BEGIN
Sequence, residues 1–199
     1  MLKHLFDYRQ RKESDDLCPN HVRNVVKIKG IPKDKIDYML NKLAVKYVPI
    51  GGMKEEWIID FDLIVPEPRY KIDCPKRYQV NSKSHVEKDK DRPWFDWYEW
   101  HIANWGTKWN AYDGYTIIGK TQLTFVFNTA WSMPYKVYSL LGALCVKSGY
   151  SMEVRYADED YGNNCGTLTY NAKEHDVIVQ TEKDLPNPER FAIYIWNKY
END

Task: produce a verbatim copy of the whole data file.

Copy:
Sequence, residues 1–199
     1  MLKHLFDYRQ RKESDDLCPN HVRNVVKIKG IPKDKIDYML NKLAVKYVPI
    51  GGMKEEWIID FDLIVPEPRY KIDCPKRYQV NSKSHVEKDK DRPWFDWYEW
   101  HIANWGTKWN AYDGYTIIGK TQLTFVFNTA WSMPYKVYSL LGALCVKSGY
   151  SMEVRYADED YGNNCGTLTY NAKEHDVIVQ TEKDLPNPER FAIYIWNKY